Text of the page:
SILAC reagents were purchased from Thermo Fisher with the exception of FCS and SILAC DMEM from Sigma. RPE1 cells virally expressing selected plasmids were seeded in six-well plates in SILAC labelling medium supplemented with dialysed FCS and cultured over a minimum of six passages to achieve full labelling with respective isotopes and a minimum of two confluent 20 cm dishes for generation of lysates. GFP-expressing control cells were grown in unlabelled medium with standard arginine and lysine (R0K0) and GFP-SNX21-expressing cells were grown in medium supplemented with ‘medium’-mass isotopes [13C6]-arginine and 4,4,5,5-D4-Lysine (R6K4). Cells were lysed in immunoprecipitation buffer [50 mM Tris-HCl (pH 7.4), 0.5% NP40, 1 mM PMSF, 200 µM Na3VO4 and a Roche mini complete protease inhibitor tablet] and the GFP tags were precipitated with GFP-nanotrap beads (Chromotek) for 1 h at 4°C then combined prior to three washes in wash buffer (50 mM Tris-HCl, pH7.4, 0.2% NP40). Proteins were isolated in sample buffer, separated using NuPAGE (4-12%) pre cast gels (Invitrogen), visualised using All Blue protein stain (Invitrogen) and analysed by LC-MS-MS on an Orbitrap Velos (Thermo) spectrophotometer (Steinberg et al., 2012; Steinberg et al., 2013; McGough et al., 2014a,b; McMillan et al., 2016).
For GFP-nanotrap, HEK293-T cells were transfected with respective GFP constructs as described above, lysed in immunoprecipitation buffer (50 mM Tris-HCl, pH 7.4, 0.5% NP40, 1 mM PMSF, 200 µM Na3VO4 and a Roche mini complete protease inhibitor tablet) and the GFP tags were precipitated with GFP-nanotrap beads (Chromotek) for 1 h at 4°C, washed three times in wash buffer (50 mM Tris-HCl, pH 7.4, 0.2% NP40), prior to separation by SDS-PAGE and western blotting. For the endogenous immunoprecipitations; HEK293-T cells were lysed in immunoprecipitation buffer (50 mM Tris-HCL, pH 7.4, 0.5% NP40, 1 mM PMSF, 200 µM Na3VO4 and a Roche mini complete protease inhibitor tablet). Cleared lysates were separated into two fractions prior to the addition of 2 µg of either anti-SNX21 or rabbit IgG control antibody and incubated at 4°C for 2 h. Protein-G agarose beads (Pierce) were then washed three times in lysis buffer and added to the respective lysates prior to a further incubation at 4°C for 1 h. Beads were washed three times in wash buffer (50 mM Tris-HCl, pH 7.4, 0.2% NP40), prior to separation by SDS-PAGE and western blotting.
Western blots were performed using standard procedures; proteins were detected and quantified on a LI-COR Odyssey infrared scanning system via recognition of fluorescently labelled secondary antibodies.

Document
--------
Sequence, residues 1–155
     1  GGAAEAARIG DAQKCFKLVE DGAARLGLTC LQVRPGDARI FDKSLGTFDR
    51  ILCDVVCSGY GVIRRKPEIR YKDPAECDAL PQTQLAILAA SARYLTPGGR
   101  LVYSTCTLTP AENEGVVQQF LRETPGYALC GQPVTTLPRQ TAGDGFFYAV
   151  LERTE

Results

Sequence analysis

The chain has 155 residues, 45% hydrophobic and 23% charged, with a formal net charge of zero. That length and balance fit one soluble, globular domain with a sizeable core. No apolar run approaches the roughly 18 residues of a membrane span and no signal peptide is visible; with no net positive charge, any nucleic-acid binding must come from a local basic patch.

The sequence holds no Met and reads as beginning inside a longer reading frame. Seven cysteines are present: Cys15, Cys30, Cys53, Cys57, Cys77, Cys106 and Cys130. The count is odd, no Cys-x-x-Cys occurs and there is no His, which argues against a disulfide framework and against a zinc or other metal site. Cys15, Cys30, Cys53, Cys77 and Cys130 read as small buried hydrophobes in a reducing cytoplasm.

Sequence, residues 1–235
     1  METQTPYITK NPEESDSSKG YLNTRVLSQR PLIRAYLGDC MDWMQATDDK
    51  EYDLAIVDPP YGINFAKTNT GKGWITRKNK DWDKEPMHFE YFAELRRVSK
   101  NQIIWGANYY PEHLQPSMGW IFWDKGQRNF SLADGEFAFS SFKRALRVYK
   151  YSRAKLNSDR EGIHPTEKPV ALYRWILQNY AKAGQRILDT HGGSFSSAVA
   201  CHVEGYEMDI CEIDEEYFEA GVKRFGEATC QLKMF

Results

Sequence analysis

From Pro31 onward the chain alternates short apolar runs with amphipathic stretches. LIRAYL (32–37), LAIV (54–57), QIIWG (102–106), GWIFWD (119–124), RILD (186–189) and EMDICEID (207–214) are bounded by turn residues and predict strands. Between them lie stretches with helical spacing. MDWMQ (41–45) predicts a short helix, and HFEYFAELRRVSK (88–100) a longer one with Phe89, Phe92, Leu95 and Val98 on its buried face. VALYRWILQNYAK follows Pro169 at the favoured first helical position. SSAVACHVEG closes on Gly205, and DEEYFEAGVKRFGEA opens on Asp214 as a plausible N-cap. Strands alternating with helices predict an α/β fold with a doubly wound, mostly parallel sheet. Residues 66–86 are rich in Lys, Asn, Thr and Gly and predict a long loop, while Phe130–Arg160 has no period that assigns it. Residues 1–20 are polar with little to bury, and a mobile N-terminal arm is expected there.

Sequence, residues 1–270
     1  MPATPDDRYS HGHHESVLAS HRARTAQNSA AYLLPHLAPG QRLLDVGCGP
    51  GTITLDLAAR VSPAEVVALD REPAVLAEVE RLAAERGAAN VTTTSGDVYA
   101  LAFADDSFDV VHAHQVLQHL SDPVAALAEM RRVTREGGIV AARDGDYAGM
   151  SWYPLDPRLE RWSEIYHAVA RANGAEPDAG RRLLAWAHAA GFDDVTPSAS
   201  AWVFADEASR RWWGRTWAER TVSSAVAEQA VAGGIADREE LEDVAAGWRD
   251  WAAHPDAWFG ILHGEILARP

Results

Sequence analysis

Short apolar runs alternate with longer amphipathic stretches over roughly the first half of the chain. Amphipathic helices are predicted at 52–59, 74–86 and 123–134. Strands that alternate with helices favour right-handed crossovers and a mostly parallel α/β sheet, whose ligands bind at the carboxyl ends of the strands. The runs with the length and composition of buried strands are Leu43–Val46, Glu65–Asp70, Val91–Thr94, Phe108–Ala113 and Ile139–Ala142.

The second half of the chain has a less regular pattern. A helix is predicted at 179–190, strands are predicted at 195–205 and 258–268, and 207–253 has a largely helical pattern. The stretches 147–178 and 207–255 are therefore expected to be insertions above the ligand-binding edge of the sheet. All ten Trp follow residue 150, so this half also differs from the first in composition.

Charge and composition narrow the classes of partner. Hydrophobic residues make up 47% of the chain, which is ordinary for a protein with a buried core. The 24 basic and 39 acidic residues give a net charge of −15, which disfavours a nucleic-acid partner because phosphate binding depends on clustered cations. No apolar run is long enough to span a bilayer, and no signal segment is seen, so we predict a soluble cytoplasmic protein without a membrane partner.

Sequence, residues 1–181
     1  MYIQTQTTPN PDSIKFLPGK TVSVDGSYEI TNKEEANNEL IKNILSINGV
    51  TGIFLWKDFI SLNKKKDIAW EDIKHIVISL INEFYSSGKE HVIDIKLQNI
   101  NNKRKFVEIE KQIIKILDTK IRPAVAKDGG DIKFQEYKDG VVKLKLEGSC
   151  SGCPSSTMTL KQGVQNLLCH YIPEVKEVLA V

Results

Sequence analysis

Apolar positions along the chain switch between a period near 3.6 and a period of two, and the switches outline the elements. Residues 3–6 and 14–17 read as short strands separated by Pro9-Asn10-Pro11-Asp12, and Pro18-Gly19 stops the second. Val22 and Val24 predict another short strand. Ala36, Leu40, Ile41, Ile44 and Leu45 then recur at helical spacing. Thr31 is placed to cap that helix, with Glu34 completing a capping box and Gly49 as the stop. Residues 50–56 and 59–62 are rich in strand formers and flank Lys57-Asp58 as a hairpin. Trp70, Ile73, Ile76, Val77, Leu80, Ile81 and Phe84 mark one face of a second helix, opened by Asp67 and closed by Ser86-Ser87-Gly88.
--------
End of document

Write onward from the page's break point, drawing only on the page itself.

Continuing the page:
Image acquisition and quantification
HeLa or RPE1 cells virally transduced to express low levels of GFP-SNX21 (co-localisation assays) or transiently transfected with plasmid DNA (Htt and septin endosomal recruitment assays) were plated on glass coverslips, fixed with 4% (w/v) PFA and permeabilised using 0.1% Triton X-100 (Sigma) for 4 min, except for visualisation of septins, where cells were fixed and permeabilised in ice-cold methanol for 4 min at 4°C. Cells were blocked in PBS supplemented with 2% BSA (P-BSA) for 20 min at room temperature, incubated on droplets of 0.2% P-BSA containing primary antibody for 1 h, washed in PBS, prior to incubation on droplets of 0.2% P-BSA containing Alexa Fluor secondary antibodies (Invitrogen) and DAPI reagent. All cells were imaged using a Leica SP5 confocal laser-scanning microscope with a 63×1.40-0.60 PL Apo λBL oil immersion objective. For quantitative co-localisation measurements, we performed the same analyses as described previously (van Weering et al., 2012a).
For quantification of western blots, all data represent the mean of three independent experiments, which in each case provided adequate power to determine the statistical significance of any changes observed. The raw data from the quantitative western blotting was normalised relative to the level of the respective precipitated GFP tag. For all analyses the mean and standard error were calculated followed by a two-tailed, unpaired t-test for determination of statistical significance and P<0.05 was determined as significant. Data points for all quantified experimentation and statistical analyses are included in Tables S4-S11. All graphs were generated using PRISM-GraphPad. Quantitative co-localisation analyses were performed using Volocity; a minimum of 22 cells were analysed for comparison of localisation with endogenous markers and a minimum of 15 cells were used for Rab co-expression studies.
Conceptualization: C.M.D., P.J.C.; Methodology: C.M.D., K.J.H.; Validation: C.M.D.; Formal analysis: C.M.D., N.P., K.J.H.; Investigation: C.M.D., N.P., K.J.H.; Resources: C.M.D., K.J.H.; Writing - original draft: C.M.D., P.J.C.; Writing - review & editing: C.M.D., N.P., P.J.C.; Visualization: C.M.D.; Supervision: P.J.C.; Project administration: P.J.C.; Funding acquisition: P.J.C.
Research in the Cullen laboratory is supported from grants awarded by the Wellcome Trust (104568/Z/14/Z) and the Medical Research Council (MR/P018807/1). Deposited in PMC for immediate release.
The authors declare no competing or financial interests.